Hmm, OK, and?

The National Theatre, the Royal Shakespeare Company and the Royal Opera House are facing financial collapse because of the pandemic and are jointly calling upon the government to throw out a lifeline.

“It is really serious now,” said Greg Doran, the artistic director of the RSC. “And if we lose our performance culture, we lose it for good.” The leaders of the theatres also warn that while they struggle to stay afloat, the whole performing arts sector is in “huge jeopardy”, and that without swift action there will be little left for audiences to see across the country when restrictions are lifted.

If this was a profitable sector laid low by he emergency then we would have one answer – temporary support until the end of the emergency perhaps. As it’s a chronically loss making sector, never does make a profit, then why bother?

44 thoughts on “Hmm, OK, and?”

  1. Be a chuckle if the arts have to return cap in hand to the likes British Petroleum, the dastardly capitalists they so recently spurned. Seemingly even the BBC has decided there’s little future in ‘culture’. Perhaps David Attenborough could help them out?

  2. Yes, it is vitally important that the government bail an organisation like the National Theatre, so that it can keep on churning out shit plays criticising the Tory Party, Capitalism and British culture.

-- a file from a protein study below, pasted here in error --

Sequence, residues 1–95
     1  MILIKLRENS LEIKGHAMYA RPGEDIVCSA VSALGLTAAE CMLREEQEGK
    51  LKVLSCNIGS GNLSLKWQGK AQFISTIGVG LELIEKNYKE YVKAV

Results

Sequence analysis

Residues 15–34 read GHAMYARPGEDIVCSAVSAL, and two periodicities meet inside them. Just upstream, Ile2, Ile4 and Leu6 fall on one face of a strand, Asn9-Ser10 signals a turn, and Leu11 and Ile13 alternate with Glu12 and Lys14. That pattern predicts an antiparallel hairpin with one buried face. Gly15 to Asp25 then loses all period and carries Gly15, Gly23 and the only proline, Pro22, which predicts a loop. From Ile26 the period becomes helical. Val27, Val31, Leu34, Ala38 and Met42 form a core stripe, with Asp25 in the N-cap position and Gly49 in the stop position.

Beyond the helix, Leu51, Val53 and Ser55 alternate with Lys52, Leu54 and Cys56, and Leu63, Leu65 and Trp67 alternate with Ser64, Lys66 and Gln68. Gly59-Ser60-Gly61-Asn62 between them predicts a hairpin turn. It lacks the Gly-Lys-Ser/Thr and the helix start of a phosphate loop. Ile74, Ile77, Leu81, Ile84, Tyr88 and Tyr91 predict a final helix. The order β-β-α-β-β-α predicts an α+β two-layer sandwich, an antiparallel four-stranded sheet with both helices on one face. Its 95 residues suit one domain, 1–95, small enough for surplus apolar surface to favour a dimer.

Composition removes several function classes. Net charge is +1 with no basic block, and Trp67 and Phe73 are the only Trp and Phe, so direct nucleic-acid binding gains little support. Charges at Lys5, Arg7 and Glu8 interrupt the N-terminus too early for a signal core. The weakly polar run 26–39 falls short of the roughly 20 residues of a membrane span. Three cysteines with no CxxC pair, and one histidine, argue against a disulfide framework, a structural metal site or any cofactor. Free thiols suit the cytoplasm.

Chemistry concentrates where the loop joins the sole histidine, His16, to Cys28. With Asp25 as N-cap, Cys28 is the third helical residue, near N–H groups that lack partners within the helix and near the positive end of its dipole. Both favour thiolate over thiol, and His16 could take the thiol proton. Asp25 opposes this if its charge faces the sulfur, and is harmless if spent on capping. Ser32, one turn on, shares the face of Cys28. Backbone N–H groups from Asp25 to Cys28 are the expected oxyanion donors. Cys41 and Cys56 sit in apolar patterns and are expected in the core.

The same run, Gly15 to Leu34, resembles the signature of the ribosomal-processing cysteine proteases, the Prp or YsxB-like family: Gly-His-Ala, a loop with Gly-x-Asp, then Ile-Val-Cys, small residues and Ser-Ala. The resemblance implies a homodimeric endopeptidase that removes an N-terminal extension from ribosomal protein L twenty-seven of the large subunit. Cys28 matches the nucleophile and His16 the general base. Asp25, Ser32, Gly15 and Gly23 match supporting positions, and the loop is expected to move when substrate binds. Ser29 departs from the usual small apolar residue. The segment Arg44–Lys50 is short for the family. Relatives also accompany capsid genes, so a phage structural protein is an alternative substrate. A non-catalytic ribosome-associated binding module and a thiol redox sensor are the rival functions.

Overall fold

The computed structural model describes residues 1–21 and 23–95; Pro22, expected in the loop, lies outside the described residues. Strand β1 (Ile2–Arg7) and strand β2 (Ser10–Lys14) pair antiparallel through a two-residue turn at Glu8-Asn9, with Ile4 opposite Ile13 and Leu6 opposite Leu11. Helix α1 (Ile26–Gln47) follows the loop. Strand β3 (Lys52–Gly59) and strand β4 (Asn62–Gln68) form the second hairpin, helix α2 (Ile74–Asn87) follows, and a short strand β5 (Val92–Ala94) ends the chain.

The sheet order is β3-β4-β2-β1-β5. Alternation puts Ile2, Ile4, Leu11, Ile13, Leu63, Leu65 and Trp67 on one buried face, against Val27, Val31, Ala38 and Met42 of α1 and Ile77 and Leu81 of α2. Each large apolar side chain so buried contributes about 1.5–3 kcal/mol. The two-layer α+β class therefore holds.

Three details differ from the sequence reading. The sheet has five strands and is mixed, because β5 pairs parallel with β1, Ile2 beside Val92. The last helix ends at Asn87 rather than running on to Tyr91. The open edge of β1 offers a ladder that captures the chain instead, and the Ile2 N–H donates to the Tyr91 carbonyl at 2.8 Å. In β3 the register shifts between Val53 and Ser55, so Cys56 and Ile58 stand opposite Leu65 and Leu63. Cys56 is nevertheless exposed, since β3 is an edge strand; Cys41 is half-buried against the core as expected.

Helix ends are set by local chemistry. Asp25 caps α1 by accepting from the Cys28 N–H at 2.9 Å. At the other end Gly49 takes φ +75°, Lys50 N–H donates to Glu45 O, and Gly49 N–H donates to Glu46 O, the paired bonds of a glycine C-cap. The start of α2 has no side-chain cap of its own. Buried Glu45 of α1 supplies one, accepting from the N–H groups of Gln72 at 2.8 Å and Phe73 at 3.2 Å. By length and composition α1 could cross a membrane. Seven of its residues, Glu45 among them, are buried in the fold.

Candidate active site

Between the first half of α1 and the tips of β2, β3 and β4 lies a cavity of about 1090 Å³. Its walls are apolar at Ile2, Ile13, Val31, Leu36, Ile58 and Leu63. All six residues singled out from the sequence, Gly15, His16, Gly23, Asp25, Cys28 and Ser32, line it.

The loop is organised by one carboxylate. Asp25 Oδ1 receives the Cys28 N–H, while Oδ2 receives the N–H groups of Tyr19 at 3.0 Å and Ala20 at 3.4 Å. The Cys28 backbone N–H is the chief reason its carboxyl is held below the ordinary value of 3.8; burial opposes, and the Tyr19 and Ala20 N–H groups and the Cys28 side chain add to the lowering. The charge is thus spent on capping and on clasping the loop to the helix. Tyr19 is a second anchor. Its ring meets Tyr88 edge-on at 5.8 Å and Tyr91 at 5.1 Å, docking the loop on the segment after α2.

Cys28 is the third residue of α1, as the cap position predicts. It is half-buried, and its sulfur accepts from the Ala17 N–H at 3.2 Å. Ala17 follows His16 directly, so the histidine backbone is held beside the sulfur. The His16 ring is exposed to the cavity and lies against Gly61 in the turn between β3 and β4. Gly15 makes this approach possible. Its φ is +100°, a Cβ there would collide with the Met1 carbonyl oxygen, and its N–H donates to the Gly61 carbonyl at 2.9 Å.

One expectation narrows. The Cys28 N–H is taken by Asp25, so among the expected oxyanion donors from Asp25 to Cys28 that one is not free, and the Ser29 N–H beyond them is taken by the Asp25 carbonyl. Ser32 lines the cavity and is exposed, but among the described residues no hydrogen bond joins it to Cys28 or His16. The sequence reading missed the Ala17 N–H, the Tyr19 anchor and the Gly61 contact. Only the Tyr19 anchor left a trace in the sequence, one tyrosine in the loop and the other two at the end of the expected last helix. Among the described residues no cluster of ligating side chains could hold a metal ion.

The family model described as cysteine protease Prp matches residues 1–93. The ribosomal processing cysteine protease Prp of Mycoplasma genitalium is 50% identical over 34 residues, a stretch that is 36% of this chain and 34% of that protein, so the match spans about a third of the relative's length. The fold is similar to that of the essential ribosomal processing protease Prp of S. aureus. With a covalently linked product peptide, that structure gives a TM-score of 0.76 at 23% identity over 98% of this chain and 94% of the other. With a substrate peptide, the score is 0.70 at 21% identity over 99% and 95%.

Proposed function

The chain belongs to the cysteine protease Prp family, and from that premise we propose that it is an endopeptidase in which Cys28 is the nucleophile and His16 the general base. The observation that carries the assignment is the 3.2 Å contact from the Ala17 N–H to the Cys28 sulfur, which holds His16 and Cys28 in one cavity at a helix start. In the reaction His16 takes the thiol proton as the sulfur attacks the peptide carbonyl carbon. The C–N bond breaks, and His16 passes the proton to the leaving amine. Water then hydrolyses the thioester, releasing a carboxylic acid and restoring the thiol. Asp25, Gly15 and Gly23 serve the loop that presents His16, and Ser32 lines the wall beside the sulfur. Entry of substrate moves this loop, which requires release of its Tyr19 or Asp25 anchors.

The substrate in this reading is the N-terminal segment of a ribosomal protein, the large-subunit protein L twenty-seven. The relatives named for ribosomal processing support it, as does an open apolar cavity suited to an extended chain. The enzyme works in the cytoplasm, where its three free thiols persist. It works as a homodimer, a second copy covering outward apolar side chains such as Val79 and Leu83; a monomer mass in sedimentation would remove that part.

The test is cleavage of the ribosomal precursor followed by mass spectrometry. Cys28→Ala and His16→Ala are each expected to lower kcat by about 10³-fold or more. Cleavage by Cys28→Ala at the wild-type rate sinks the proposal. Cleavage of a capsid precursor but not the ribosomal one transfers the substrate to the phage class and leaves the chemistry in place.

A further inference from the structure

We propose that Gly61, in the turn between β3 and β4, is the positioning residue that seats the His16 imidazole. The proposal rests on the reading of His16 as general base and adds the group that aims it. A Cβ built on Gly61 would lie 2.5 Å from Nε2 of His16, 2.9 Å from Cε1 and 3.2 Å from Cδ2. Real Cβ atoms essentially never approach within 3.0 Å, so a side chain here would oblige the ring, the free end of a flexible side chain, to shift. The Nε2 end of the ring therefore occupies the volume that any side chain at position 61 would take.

Then again, let’s not. We can then knock down the atrocious building and replace it with something both useful and not a vile, concrete eyesore.

  3. Thinking what a wily politico would do to minimise the fallout of cutting the arts off. Possibly hand over to the national lottery to fund.

  4. Bloke in North Dorset

    If the government is rugby, football and cricket clubs, amongst any number of working class sports and activities, it’s going to have a hard time explaining and justifying the elite and rich get (another) bail out at tax payers’ expense.

  5. “It is really serious now,” said Greg Doran, the artistic director of the RSC. “And if we lose our performance culture, we lose it for good.”

    I admire much of Doran’s work, but this statement is simply false: a ‘performance culture’ is a temporary thing anyway and it can be re-created.

    With the government handing out free money, every arts organisation in the land is bleating for more cash. Even the National Trust is trying it on…